Have you thought about starting a side hustle selling your original Cartoon Animator assets in the Reallusion 2D/3D Marketplace ? In this article, the first in a series on selling in the marketplace, I'll give you an overview of what's involved, why you should give it some thought, and whether you can earn enough to quit your day job (or at least have a worthwhile side hustle). If you're an artist with any kind of drawing skills, and you're creating your own original characters, props, scenes, and even motion files for your Cartoon Animator projects, then setting up your own store in the Reallusion Marketplace should be a no brainer. You're making content already, it doesn't cost you anything to set up, and Reallusion only takes a 30% commission from each item sold. (If you think that's a lot, I'll address that further down). Don't be put off if you think your art skills aren't up to professional standards. There are plenty of artists with naïve

Wonder Unit Storyboarder - Free Storyboarding Software for People Who Can (or Can't) Draw

Wonder Unit Storyboarder.  As an independent and solo animator I'm always tempted to try and skip storyboarding my animated shorts because they're usually only single scene sketch comedy type jokes. As a result I have many unfinished projects that kind of petered out due to having no clear finishing line. Storyboarding your productions, no matter how small, gives you a step by step guide of every shot that needs to be completed (no planning shots as you animate). It also allows you to create an animatic that gives you a rough preview of the finished production. In short, you shouldn't skip storyboards as they, generally, increase the chance of the project being completed. Disclaimer - I'm Not a Fan of Storyboarder Upfront, Wonder Unit's Storyboarder  is not my preferred storyboarding software. However it's completely free, has a number of very compelling featu

Can You Learn Reallusion's Cartoon Animator 5 for Free Using Their 137 Official YouTube Video Tutorials Sorted Into a Logical Learning Order?

Or you could just buy The Lazy Animator Beginner's Guide to Cartoon Animator . While Reallusion's Cartoon Animator is one of the easiest 2D animation studios to get up and running with quickly, learning it from all of the official, free, video tutorials can be more overwhelming than helpful. With more than 137 videos totaling more than 28 and a half hours of tutorials, spread across three generations of the software (Cartoon Animator 3 through 5) it's hard to know if what you're learning is a current or legacy feature that you either need to know or can be skipped. Many of the official tutorials only teach specific features of the software and don't relate at all to previous or later tutorials. As a result there are many features either not mentioned or are hard to find. To make your learning easier, on this page, I've collected together all of the essential, official, free video tutorials and sorted them into a learning order that makes sense. Simply start at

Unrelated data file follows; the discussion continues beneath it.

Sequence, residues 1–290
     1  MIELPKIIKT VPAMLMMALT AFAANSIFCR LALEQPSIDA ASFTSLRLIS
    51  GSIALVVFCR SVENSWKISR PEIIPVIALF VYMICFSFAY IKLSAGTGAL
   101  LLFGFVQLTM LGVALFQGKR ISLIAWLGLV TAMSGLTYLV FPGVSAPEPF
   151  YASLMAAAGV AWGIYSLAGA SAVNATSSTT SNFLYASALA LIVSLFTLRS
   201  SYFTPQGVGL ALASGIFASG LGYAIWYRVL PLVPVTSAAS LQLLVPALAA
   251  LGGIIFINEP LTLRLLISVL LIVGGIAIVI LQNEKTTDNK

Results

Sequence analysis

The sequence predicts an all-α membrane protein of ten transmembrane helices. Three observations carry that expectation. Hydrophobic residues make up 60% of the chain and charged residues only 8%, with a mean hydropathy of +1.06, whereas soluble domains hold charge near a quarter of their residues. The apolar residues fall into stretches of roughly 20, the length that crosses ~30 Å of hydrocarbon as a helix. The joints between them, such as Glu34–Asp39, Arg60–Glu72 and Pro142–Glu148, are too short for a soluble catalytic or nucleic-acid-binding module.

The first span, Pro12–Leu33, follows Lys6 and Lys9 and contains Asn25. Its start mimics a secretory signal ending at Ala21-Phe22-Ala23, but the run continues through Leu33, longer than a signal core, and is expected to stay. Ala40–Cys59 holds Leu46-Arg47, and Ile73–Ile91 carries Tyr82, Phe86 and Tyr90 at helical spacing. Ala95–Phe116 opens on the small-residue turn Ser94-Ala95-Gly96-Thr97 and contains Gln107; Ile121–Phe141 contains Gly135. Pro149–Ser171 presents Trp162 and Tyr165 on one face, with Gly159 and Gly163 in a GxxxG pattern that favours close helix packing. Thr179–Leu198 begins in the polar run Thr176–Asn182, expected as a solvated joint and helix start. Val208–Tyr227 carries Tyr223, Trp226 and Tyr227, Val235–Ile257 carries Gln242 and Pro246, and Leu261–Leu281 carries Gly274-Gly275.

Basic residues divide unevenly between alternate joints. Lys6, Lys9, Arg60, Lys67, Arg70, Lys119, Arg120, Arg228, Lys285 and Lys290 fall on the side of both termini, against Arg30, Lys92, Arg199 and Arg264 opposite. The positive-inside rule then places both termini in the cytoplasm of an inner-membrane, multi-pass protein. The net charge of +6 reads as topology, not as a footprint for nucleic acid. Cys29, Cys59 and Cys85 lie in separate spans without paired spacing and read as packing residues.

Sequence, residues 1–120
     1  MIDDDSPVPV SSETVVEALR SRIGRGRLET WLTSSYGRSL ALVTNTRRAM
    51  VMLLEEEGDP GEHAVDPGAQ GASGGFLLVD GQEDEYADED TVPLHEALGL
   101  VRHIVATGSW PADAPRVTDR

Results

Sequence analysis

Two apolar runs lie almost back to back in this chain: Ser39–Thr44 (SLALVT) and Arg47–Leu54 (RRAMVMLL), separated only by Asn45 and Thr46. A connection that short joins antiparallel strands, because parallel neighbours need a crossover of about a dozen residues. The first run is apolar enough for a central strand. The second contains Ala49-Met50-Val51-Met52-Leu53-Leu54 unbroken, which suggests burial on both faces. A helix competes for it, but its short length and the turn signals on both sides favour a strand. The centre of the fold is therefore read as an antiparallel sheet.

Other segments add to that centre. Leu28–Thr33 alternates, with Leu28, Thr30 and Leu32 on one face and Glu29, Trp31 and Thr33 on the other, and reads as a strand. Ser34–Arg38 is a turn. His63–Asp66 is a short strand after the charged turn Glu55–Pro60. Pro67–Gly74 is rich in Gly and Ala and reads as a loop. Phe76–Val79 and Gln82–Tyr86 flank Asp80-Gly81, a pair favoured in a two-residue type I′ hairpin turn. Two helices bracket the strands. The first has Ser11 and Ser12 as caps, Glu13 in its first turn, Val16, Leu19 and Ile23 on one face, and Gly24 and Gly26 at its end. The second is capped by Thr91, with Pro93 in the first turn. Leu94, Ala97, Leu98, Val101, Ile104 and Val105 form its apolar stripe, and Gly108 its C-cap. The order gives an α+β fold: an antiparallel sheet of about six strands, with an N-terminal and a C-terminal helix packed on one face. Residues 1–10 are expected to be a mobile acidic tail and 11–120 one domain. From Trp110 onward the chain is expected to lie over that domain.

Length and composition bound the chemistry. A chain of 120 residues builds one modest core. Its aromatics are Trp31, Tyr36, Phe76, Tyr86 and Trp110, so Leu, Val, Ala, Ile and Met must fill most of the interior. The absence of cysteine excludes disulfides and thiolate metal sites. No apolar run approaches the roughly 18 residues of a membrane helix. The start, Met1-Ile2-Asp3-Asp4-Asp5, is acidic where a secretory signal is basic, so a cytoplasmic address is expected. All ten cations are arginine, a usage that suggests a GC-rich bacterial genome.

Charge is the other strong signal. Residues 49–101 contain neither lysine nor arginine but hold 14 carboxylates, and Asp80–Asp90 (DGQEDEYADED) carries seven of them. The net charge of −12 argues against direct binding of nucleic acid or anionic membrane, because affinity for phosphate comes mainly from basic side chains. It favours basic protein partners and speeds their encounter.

2D Animation Side Hustle - How to Find a Niche Market Selling Digital Characters, Props, and Background Art in the Reallusion 2D Marketplace

C ontinuing my series on your 2D Animation Side Hustle, Selling in the Reallusion 2D Marketplace , in this article I'm going to take a look at niches and why they're important to becoming a successful seller. I'll also look at some indicators, specific to the Reallusion Marketplace, that can help point you in the right direction of finding niches that are in demand. What is a Niche and Why Are They Important? In marketing terms a niche is kind of like a sub category or a section of a subject that you want to focus on. It's not the big idea with wide appeal that everybody loves, it's a smaller, more specific section of the idea that fewer people really connect with. For example, in the Reallusion 2D Marketplace, Characters are the biggest sellers. Everybody loves and wants to buy characters. They're great! That's all you need to know, characters sell the best, go make some! There are currently 4413 characters for sale in the marketplace. How will people find

Artbreeder - Using AI created Character and Background Content in your Animations

A selection of User/AI generated images from Artbreeder. If you're looking for an endless supply of 2D character and background images for your animations then Artbreeder , an online Artificial Intelligence (AI) that generates image mash-ups you can tweak as much as you like, could be the ultimate content library. What is Artbreeder? Artbreeder is free to use though there are various paid plans, that give you additional features, such as higher resolution download images or more settings to play with. All images created on the site are Public Domain (CC0 License) and can be used in commercial projects. Using Artbreeder's online app you can generate head shot portraits, full body characters, landscapes, and other scenes simply by choosing two or more existing images to mash together then, using a series of sliders, to select which traits from each image you wish to lean toward in the final image. Photo Comparison - Top is my original uploaded photo. Bottom is Artbreeder's ap